Over the course of the decade in which the foundation for the person I was to become was laid, there was one man whose influence over popular culture was more widely felt than all others.
Now this man was no stranger to the world in 1980. For the ten years prior, his workmanlike devotion to precise percussion cut a swath across pop music, laying down drum tracks for such vital and varied acts as Brian Eno, Thin Lizzy, Daryl Hall, Brand X, Mike Oldfield, John Cale, and of course Genesis--which he joined initially as a replacement drummer, but eventually took the reins with Peter Gabriel's departure for a solo career only to take the band to greater heights commercially than they ever reached under Gabriel's leadership.
As Genesis became more and more successful, the necessity for the embarkation into a solo career became more and more evident. In 1981, the world's thirst for more Phil Collins was quenched with the release of Face Value, a tour de force of historic proportions. And within a year of its release "In the Air Tonight" had imprinted its signature drumline and haunting vocals on the psyche of music listeners worldwide.
As the 80s rolled on, Phil Collins rolled on. It could easily be argued that this decade was his. While acts like Guns 'N Roses entralled the record-buying public with their bad-boy antics, Phil Collins was selling a fuckload of records. Moreover, one would be hard-pressed to think of an artist that released the mass of material that Collins did while maintaining the commercial success he did for the entire duration of the decade. While Thriller sold better than any record in the decade, Michael Jackson only released two albums in the decade. Madonna didn't release an album until 1983.
Really, the only other artist whose volume of output and commercial appeal could be considered to rival Collins' 80s success was Prince. Prince put out 10 records in the decade, and wrote the music for other bands like The Time, Sheila E., and Mazerati. Collins had four solo records and five Genesis records. Each were given films to star in--Buster obviously being the less successful of the two. But Prince's ascent to superstardom really wasn't complete until 1984, when Purple Rain was released. Collins was already well-established in 1984, when his career took off on a streak of 13 straight top ten hits in the U.S. through 1992*. That is a feat of consistency that Prince could only have dreamt to acheive.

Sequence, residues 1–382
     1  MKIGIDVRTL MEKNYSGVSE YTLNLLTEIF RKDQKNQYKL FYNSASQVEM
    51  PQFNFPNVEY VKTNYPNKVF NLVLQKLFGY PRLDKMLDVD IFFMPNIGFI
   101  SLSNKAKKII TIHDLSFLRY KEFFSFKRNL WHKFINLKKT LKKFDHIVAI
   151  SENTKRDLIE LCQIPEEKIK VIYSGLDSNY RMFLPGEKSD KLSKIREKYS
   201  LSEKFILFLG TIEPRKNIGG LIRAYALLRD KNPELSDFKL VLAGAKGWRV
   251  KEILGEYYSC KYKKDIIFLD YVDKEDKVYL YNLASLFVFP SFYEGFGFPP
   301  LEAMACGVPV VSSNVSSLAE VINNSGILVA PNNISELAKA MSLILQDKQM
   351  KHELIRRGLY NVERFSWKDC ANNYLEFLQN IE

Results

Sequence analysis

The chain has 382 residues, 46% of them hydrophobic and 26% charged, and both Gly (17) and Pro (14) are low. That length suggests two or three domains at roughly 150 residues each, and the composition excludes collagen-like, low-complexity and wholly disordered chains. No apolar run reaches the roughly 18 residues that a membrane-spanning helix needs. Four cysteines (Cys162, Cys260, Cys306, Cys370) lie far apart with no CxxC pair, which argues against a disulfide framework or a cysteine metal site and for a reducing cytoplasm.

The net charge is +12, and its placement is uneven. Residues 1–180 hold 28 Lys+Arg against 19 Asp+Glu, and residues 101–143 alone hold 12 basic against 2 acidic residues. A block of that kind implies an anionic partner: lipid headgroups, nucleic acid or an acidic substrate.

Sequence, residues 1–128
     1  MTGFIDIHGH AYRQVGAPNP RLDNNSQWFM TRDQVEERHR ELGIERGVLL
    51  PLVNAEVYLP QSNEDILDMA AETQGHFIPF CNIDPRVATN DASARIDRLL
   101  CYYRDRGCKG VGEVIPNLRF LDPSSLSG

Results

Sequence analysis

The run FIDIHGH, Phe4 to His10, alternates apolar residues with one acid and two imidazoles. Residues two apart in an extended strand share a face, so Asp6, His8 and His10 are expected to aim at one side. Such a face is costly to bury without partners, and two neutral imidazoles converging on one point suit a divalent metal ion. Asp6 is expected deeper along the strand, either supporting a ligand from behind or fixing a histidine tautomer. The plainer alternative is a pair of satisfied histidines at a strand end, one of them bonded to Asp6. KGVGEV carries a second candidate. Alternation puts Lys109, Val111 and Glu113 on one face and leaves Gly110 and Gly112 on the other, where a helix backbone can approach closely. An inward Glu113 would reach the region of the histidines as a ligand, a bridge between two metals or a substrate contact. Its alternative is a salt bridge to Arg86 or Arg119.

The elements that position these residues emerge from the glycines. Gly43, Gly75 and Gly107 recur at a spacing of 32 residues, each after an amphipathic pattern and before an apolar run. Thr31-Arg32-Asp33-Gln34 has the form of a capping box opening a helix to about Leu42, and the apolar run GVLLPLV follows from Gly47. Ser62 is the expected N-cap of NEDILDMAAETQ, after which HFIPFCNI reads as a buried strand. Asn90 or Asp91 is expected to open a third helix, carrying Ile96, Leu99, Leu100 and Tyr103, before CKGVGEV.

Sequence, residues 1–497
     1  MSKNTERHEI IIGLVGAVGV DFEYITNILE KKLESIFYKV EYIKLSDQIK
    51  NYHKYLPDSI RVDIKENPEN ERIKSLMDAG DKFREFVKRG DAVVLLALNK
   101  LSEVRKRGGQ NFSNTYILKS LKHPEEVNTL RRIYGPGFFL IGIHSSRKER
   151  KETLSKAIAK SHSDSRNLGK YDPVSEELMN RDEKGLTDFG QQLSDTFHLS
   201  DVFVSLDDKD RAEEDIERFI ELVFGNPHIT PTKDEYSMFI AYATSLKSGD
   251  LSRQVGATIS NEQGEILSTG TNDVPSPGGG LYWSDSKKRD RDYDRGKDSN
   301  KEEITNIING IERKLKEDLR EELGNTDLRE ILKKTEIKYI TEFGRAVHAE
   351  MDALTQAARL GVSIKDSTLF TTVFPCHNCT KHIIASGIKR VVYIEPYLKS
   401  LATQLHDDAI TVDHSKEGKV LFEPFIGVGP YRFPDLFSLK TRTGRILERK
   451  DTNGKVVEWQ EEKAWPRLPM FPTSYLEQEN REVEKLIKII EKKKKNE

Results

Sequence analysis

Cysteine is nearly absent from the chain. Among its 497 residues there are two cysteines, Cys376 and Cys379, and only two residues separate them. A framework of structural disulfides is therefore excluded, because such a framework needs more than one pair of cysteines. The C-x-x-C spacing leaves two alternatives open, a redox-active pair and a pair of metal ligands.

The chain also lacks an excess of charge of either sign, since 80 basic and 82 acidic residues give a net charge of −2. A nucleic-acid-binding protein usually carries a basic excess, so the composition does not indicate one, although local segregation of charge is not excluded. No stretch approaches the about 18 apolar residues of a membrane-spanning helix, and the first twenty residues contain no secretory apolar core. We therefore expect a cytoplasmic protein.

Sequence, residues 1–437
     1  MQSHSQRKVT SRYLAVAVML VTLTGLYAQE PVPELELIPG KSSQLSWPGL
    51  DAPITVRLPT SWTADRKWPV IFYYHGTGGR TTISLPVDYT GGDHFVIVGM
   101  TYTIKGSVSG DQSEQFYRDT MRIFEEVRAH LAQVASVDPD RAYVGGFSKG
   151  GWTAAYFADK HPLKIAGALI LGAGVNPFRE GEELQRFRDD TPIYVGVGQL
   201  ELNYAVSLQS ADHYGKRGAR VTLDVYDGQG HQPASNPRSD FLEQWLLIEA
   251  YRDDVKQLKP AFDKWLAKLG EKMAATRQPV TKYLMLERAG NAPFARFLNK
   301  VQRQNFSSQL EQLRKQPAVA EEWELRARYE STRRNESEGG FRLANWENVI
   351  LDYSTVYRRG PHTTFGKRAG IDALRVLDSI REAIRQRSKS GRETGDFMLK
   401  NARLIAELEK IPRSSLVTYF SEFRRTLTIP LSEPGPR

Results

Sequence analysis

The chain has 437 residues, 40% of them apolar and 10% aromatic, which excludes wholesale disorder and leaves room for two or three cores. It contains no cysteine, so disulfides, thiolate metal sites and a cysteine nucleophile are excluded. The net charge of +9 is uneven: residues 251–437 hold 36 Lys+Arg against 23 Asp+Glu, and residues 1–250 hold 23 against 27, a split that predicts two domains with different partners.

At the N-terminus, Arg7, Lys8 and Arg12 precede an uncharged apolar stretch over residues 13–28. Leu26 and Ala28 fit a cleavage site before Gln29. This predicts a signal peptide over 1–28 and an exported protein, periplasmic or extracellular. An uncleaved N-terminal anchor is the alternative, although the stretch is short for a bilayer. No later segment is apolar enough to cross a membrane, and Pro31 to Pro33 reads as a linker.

*One could argue persuasively (and Chuck Klosterman has, although with a slant) that the 1980s really didn't end until 1992, as the decade really spilled into the early 1990s with the "80s" being officially killed by Nirvana's release of "Smells Like Teen Spirit". What Nirvana's success also meant was an end to 80s style, mindset, and culture. For evidence of this phenomenon, you need look no further than "Parker Lewis Can't Lose", which saw its embrace of what was essentially late 80s style--including the titular Corin Nemec's hair--change drastically in its third season. The more I think about it, the more I should be blaming Kurt Cobain for the death of my beloved TV show...
Most importantly, though, is something else--something more incredible. Where androgyny, a driving force in rock success, helped Prince in his ascension to the pantheon of 80s idolatry, Phil Collins had no such help. His most successful record, and perhaps his most culturally relevant year were driven by an album with this record cover.
That man was selling more records than just about anybody in the decade. In an industry driven almost entirely by sex appeal, Phil Collins--the man pictured above--sold more than 100 million solo records and more than 100 million records as a member of Genesis.
Just to reiterate how his success defied all logic, here you go: